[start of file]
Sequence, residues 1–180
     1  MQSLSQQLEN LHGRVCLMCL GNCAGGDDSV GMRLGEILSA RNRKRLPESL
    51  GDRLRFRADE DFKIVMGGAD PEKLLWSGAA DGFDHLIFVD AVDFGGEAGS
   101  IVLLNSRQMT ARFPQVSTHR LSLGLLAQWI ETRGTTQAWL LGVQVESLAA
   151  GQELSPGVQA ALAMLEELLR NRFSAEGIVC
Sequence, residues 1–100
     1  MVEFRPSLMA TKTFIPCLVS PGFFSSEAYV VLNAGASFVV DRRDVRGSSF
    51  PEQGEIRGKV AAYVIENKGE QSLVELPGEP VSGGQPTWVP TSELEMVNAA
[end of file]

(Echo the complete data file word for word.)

Sequence, residues 1–180
     1  MQSLSQQLEN LHGRVCLMCL GNCAGGDDSV GMRLGEILSA RNRKRLPESL
    51  GDRLRFRADE DFKIVMGGAD PEKLLWSGAA DGFDHLIFVD AVDFGGEAGS
   101  IVLLNSRQMT ARFPQVSTHR LSLGLLAQWI ETRGTTQAWL LGVQVESLAA
   151  GQELSPGVQA ALAMLEELLR NRFSAEGIVC
Sequence, residues 1–100
     1  MVEFRPSLMA TKTFIPCLVS PGFFSSEAYV VLNAGASFVV DRRDVRGSSF
    51  PEQGEIRGKV AAYVIENKGE QSLVELPGEP VSGGQPTWVP TSELEMVNAA